Tuesday, 7 February 2012

Clint: “Keep buying our shitty cars” [update 2]


Americans stopped buying American cars several years ago. Mostly because they were rubbish.

That didn’t bother American car makers. They kept making the shitty cars anyway and just went cap in hand to the government for a bailout.

"We shouldn't be bailing out the banks and car companies," actor, director and Academy Award winner Eastwood told the Los Angeles Times in November 2011.

That was November 2011. Now, however, in February 2012? He’s delivered an ad for half-time at the US Superbowl over the weekend about job growth, about “the spirit of America,” and how Americans should join together again and buy American cars.

Carefully, however, they show very little of the American cars they want Americans to buy.

Because they’re still shitty.

And the only “roar” is the roar of bullshit, and the sucking sound of money disappearing down a black hole.

UPDATE 1: Speaking of shitty cars … it’s half-time in the Lincoln Tunnel.

UPDATE 2: Here’s how a halftime ad by Clint Eastwood should have sounded …

[Hat tip Small Dead Animals]


  1. As an American, I have a mixed emotional response to that ad. On the one hand, the government bail-outs and endless regulations have caused this country's mess (and the huge mess in Detroit), but on the other hand, America is still very strong and we still have the opportunity to put the past behind us and move on. (I have my doubts as to whether that will be done, but it certainly *can* be done, and I liked that hopeful message.)

    I did want to comment about your saying that all American cars are shitty. That simply has not been my experience.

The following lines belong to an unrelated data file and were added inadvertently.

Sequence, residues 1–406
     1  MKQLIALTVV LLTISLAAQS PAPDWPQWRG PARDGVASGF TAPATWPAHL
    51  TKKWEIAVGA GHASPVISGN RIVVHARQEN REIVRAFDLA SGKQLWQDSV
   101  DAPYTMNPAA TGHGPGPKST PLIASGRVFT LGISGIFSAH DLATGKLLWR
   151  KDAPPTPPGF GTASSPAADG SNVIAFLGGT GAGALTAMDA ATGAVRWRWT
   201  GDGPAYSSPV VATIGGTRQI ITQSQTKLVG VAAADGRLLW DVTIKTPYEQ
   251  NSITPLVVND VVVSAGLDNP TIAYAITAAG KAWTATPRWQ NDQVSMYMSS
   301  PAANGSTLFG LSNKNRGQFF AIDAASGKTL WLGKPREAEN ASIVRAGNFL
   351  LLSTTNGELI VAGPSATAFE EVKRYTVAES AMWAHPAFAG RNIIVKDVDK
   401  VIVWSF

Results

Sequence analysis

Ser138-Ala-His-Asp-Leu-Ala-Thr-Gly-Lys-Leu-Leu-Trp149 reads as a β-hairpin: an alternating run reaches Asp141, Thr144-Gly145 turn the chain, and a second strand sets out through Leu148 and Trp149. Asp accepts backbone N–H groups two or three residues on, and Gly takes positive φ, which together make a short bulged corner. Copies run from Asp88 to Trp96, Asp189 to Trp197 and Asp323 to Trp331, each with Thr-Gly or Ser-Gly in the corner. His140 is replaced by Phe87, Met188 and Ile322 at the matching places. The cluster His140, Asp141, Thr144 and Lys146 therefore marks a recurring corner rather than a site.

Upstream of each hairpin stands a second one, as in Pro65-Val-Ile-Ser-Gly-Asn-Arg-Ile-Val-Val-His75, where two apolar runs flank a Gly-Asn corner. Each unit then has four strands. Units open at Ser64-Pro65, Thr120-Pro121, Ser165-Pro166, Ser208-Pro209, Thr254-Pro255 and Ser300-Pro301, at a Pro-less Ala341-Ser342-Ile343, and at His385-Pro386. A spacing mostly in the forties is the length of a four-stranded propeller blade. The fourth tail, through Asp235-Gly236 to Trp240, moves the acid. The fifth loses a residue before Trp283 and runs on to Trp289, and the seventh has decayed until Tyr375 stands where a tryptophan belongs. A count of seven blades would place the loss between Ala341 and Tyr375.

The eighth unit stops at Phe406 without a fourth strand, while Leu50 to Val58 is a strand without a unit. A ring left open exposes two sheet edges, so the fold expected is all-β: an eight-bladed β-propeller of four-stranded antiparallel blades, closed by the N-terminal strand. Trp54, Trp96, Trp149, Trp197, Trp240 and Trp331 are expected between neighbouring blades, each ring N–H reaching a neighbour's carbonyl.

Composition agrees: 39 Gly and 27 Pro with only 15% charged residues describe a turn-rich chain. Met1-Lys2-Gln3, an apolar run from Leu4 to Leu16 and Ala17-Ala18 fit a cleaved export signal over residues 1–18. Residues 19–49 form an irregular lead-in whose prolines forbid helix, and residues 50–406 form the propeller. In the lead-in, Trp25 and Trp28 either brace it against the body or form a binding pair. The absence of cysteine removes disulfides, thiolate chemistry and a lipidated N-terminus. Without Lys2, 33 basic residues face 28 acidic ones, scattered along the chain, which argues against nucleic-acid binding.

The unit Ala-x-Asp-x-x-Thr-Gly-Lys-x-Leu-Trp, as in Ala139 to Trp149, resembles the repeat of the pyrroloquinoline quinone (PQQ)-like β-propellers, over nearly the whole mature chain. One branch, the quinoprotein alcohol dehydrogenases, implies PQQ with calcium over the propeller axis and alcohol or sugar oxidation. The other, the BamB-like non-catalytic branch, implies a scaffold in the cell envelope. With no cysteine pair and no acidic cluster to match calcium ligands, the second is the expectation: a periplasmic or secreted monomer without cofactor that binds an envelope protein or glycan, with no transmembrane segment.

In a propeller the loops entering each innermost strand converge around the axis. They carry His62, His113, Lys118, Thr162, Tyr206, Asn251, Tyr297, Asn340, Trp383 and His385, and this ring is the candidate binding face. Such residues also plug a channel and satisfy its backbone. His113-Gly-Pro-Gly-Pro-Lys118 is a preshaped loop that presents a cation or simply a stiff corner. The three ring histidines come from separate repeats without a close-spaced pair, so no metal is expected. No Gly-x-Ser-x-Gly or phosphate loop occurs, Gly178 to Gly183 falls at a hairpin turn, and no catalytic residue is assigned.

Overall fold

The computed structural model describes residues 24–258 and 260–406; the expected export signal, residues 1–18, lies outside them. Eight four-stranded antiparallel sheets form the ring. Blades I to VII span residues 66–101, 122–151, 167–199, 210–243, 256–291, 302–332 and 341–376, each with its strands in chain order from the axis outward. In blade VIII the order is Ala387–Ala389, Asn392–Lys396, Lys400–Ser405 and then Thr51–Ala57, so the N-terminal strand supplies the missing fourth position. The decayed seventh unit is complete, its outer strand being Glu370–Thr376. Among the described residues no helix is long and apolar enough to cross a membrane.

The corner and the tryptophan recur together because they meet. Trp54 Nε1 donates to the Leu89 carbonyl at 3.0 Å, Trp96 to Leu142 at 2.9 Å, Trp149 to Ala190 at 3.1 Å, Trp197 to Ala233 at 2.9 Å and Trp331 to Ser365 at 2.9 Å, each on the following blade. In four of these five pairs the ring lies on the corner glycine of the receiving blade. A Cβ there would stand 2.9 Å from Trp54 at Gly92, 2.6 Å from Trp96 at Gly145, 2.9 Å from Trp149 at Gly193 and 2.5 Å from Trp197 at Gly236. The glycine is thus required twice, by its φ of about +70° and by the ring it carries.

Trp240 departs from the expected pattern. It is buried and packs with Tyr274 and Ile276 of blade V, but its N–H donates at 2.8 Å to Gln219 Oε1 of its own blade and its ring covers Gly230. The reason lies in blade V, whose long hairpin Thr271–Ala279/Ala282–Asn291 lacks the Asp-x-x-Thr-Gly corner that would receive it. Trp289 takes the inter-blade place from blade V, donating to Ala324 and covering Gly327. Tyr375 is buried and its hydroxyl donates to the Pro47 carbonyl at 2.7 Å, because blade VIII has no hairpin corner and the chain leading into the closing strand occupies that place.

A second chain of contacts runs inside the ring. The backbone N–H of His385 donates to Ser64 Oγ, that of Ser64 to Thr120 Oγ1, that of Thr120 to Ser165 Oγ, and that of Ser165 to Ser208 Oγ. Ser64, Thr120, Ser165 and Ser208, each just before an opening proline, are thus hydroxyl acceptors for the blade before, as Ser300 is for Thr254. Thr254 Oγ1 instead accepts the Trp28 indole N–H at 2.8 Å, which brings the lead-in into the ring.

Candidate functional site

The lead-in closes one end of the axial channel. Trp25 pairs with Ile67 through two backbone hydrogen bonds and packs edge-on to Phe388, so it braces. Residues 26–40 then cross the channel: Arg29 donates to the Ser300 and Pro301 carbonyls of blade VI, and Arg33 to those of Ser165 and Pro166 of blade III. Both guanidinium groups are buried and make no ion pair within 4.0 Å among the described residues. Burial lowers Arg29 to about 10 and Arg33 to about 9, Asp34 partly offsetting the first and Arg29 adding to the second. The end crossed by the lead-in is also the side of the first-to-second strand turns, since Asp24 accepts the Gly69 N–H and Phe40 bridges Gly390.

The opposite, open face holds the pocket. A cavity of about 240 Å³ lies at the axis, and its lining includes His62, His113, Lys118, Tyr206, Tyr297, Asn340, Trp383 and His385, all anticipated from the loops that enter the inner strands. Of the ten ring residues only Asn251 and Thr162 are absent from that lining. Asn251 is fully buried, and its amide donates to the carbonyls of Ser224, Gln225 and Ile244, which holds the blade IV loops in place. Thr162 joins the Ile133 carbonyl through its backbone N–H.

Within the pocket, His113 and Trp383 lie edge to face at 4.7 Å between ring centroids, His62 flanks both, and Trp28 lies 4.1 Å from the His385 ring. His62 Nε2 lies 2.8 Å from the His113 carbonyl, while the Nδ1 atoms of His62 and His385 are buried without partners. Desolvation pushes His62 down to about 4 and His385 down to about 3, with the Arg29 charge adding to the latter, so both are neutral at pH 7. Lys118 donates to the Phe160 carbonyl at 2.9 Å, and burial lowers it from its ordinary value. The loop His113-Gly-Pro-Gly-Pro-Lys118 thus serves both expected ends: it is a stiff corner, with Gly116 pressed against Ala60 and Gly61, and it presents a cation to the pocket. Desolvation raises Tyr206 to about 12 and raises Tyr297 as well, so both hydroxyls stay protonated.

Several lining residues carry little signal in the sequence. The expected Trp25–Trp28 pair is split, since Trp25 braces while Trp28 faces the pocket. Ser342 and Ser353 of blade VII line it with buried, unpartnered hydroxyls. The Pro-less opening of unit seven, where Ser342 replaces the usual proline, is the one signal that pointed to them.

I currently own two Fords. One is a 6.5 year old Explorer with about 130k miles on it. It runs great, it looks great and it has never required anything other than routine maintenance. It's driven us across the country and back several times and I still love the car the same as the day I drove it off the lot.

    This past summer, we purchased a Ford Edge with a new dashboard computer system. The radio, climate controls and some other interesting features are all controlled via touch screen. It has a few kinks in it (as any new technology does) and Ford is sending out computer updates via thumb drive to correct that (how cool is that?), but the car runs great and gets very high marks from the Insurance Institute for Highway Safety (as did the Explorer.)

    My parents have owned Ford F150s (pick up trucks) and other Ford models with no issues other than routine maintenance. (My brother works for a Ford dealership, so my extended family has taken advantage of his employee discount to purchase our vehicles the past 15 years or so.)

    My brother's family also owns a Jeep Cherokee and they love it and report a wonderful ownership and driving experience.

    I cannot comment on the other Chrysler brands, such as Dodge, or GM because I do not know anyone who owns them first-hand.

    Admittedly, there are many wonderful car brands out there, many of which are now made here in the United States, and there are a great many things American car manufacturers can be criticized for. I just don't think quality is necessarily one of them.

  2. Hi Kelly,

    Yes, but those are (mostly) Fords,who didn't take bailout cash, not the products of Government Motors.

    In that context, wasn't it great to see Ford come in 1, 2 and 3 in the recent 24-hour Daytona race.

    Yes, America is still very strong, but (as I know you're aware) your government is bankrupting you while strangling your industry--including your motor industry--much the same way as the British government did a few decades before you. (I'm lucky to have one of the products of the British motor industry from 1967, just before it finally succumbed to the trade unions, and government regulations, dictation and theft--a history that Detroit's various Government Motors organisations still have to recognise is becoming their own.)

    Your government has given America far more than just the one punch. And it's odd seeing Clint wanting to pretend otherwise, don't you think?


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